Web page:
University of Hawai‘i ♦ Botany Department

Invasive Marine Algae of Hawai‘i

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Acanthophora spicifera

(Vahl) Børgesen 1910

Invasive Alien










Click on pictures for larger images



In the 50 years since its introduction,
Acanthophora spicifera
has become one of the most successful and abundant algae on Hawaiian reef flats. It often out competes other reef algae, such as species of Laurencia and Hypnea.







Distribution of A. spicifera in Hawaiian Islands.
Map by Jen Smith.




A Pocillipora meandrina surrounded by A. spicifera.





Erect plants, to 40 cm tall, with solid cylindrical branches, 2 - 3 mm wide, branched either sparingly to repeatedly. Main branches have short, determinate branches, irregularly shaped and spinose, with spines numerous and radially arranged. There are no spines on main axes. The plant grows from a large, irregularly shaped holdfast.


In intertidal high-motion water areas, Acanthophora spicifera has short (4 - 10 cm), compact and very dense thalli. In moderate or low water motion areas, the thalli are tall (10 - 25 cm), more openly branched and occur in scattered clumps.  Color is highly variable: can be shades of red, purple, yellow, orange, or brown. Are often very dark in color in intertidal, high motion areas. Usually lighter color in shallow areas with low water motion and reflective sandy or silty bottoms.


Structural Features

Apices are pyramidal, with incurved trichoblasts. Peri-central cells corticated densely, central axial cells usually evident. In older axes, central axial filaments may be surrounded by small-celled adventitious filaments.



Acanthophora spicifera is abundant on calm, shallow reef flats, tidepools, and on rocky intertidal benches. This alga usually attaches to hard substrates, such as rocks, basalt ledges, or dead coral heads. It may also be found free-floating, due to its brittle, easily-broken nature.



Hawai‘i:  Well established on Maui, Moloka‘i, Lana‘i, Kaho‘olawe, O‘ahu, and Kaua‘i. Recently identified on Hawai‘i Island.

Mechanism of Introduction:  Unintentional introduction from Guam.

Worldwide:  Acanthophora spicifera has a nearly continuous distribution in all the tropical and subtropical seas of the world.



Acanthophora spicifera is the most widespread and successful alien alga in Hawai‘i. It appeared for the first time in Hawai‘i in the early 1950’s, most likely entering on a barge from Guam. The red alga is found on reefs and intertidal habitats. This alga’s plastic morphology has allowed it to adapt to different conditions and invade a diversity of habitats. The brittle nature of the branches often results in fragmentation, which contributes to frequent, large free-floating populations and widespread distribution.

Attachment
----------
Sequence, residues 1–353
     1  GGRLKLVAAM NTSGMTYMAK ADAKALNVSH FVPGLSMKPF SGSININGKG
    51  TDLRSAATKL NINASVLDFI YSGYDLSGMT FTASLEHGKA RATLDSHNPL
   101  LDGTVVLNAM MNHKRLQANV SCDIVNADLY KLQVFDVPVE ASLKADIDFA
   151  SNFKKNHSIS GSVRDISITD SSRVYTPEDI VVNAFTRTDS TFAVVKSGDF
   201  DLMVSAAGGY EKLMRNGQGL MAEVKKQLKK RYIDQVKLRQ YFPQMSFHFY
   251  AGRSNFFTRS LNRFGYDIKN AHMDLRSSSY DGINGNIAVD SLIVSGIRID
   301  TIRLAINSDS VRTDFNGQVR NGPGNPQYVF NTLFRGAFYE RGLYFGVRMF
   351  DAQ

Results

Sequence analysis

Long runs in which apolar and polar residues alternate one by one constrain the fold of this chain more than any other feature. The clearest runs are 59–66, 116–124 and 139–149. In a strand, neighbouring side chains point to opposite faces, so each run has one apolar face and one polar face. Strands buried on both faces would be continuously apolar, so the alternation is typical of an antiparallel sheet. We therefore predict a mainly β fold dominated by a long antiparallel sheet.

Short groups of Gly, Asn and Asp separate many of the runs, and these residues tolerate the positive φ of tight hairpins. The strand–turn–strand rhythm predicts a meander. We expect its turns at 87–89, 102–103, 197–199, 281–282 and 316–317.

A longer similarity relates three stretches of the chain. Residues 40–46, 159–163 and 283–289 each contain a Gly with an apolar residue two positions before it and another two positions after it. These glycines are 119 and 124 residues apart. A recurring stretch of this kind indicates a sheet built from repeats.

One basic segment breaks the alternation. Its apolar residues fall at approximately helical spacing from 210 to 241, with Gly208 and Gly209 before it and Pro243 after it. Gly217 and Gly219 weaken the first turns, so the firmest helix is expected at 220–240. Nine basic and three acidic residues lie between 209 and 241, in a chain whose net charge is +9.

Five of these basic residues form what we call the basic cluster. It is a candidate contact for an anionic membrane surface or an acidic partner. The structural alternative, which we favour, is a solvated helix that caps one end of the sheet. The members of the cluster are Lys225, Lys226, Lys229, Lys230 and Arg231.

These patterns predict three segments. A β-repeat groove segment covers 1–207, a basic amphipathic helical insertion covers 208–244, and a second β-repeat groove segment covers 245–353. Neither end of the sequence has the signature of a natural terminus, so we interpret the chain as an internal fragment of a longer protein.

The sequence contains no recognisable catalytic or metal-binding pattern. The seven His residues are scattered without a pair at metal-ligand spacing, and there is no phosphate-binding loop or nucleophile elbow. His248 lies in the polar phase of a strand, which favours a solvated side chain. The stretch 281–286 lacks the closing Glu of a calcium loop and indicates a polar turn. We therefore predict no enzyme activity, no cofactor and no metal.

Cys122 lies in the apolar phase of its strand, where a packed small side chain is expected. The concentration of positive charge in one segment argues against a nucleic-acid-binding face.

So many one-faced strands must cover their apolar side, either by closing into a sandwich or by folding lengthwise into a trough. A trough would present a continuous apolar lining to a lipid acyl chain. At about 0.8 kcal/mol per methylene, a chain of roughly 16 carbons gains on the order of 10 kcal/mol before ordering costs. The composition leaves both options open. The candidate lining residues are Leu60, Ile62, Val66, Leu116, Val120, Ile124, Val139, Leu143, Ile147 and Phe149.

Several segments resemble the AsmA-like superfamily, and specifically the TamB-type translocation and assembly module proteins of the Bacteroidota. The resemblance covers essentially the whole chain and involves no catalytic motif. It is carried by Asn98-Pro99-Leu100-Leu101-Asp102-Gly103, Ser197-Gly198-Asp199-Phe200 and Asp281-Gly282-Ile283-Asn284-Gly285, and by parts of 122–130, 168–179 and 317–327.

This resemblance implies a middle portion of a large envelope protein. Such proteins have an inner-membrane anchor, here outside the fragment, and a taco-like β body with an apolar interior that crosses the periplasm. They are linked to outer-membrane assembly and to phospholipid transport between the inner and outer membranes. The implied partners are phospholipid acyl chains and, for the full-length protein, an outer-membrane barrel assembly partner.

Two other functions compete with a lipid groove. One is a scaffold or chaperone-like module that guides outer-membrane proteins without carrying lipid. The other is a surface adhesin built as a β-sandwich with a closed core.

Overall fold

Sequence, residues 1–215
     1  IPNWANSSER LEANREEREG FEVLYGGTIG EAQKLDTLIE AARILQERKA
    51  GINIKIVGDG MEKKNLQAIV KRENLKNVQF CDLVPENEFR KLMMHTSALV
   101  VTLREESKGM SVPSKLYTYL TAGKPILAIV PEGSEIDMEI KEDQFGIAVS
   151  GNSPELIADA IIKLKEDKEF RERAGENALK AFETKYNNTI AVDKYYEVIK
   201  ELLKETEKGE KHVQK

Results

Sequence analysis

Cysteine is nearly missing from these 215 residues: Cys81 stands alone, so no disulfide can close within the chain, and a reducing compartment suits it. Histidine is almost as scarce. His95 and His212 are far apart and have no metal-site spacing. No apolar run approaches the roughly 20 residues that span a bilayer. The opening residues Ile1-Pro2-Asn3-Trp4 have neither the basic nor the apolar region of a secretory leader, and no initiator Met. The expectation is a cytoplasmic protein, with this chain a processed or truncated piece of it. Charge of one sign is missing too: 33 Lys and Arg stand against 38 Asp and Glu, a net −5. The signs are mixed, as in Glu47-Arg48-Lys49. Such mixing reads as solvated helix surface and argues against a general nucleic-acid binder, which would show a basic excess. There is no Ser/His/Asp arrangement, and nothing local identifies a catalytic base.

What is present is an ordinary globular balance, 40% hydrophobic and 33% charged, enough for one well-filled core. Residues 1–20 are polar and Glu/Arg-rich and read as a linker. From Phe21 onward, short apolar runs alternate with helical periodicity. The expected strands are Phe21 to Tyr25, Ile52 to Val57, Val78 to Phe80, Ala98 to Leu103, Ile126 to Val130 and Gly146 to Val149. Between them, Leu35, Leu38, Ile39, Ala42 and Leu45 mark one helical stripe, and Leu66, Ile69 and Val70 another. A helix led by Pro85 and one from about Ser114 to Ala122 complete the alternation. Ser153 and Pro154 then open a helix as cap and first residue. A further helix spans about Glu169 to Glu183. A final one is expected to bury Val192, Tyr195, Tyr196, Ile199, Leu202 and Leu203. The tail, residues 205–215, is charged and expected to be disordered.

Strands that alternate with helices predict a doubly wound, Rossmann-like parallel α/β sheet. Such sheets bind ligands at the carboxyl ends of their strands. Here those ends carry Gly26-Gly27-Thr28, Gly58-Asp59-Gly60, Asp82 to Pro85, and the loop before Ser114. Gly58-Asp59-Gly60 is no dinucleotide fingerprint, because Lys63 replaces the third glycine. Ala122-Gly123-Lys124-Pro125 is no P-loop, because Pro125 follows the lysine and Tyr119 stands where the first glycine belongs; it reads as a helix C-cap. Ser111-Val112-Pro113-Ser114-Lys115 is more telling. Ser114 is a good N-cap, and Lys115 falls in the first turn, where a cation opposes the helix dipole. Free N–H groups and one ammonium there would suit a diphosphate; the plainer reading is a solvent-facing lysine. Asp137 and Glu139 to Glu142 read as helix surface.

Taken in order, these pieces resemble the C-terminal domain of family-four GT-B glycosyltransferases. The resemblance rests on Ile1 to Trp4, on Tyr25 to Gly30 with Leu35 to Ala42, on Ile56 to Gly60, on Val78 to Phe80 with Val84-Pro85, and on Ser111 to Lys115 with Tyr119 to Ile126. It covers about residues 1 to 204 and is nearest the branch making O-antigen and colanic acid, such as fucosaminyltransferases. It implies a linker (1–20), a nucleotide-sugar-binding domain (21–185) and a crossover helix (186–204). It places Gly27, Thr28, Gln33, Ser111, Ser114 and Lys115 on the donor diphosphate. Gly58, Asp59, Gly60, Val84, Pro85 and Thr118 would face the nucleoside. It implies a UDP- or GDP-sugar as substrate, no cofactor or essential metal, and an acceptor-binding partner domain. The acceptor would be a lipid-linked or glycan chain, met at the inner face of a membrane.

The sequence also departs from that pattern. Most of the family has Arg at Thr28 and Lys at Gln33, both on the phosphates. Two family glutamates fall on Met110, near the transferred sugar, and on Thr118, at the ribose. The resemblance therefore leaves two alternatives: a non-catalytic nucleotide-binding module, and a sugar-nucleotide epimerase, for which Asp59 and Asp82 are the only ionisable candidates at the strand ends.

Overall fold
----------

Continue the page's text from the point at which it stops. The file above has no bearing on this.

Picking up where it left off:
A. spicifera benefits from association with aggregates of other algal species that are more tolerant of wave exposure and are able to retain water when exposed to air. It is often found growing next to and competing with the native species of Laurencia and Hypnea cervicornis. H. cervicornis may even entangle in the upper branches of A. spicifera as an epiphyte.


Abbott, I.A., 1999. Marine Red Algae of the Hawaiian Islands. Bishop Museum Press, Honolulu, Hawai‘i.

Doty, M., 1961. A possible invader of the marine flora of Hawai‘i. Pacific Science 15: 547-552.

Kilar, J.A. and J.L. McLachlan, 1986. Ecological studies of the alga, Acanthophora spicifera (Vahl) Bøerg. (Ceramiales: Rhodophyta): Vegetative fragmentation. J. Exp. Mar. Biol. Ecol., 104: 1-21.

Kilar, J.A. and J.L. McLachlan, 1988. Composition, export, and import of drift vegetation on a tropical, plant-dominated, fringing-reef platform (Caribbean Panama). Coral Reefs, 7: 93-103.

Littler, D.S. and Mark M., 2000. Caribbean Reef Plants. OffShore Graphics, Washington, D.C.

Magruder, W.H. and J. Hunt, 1979. Seaweeds of Hawai‘i. Oriental Publ. Co., Honolulu, Hawai‘i.

Russell, D.J., 1992. The ecological invasion of Hawaiian reefs by two marine red algae, Acanthophora spicifera (Vahl) Bøerg. and Hypnea musciformis (Wulfen) J.Ag., and their association with two native species, Laurencia nidifica and Hypnea cervicornis J.Ag. ICES Mar. Sci. Symp., 194: 110-125.

Russell, D. J. and G. H. Balazs. 2000. Identification manual for dietary vegetation of the Hawaiian green turtle, Chelonia mydas. NOAA TM-NMFS-SWFSC-294. 49 pp.


 Web Pages

Ecological Success of Alien/Invasive Algae in Hawai‘i:

Marine Invasives in Hawai‘i:





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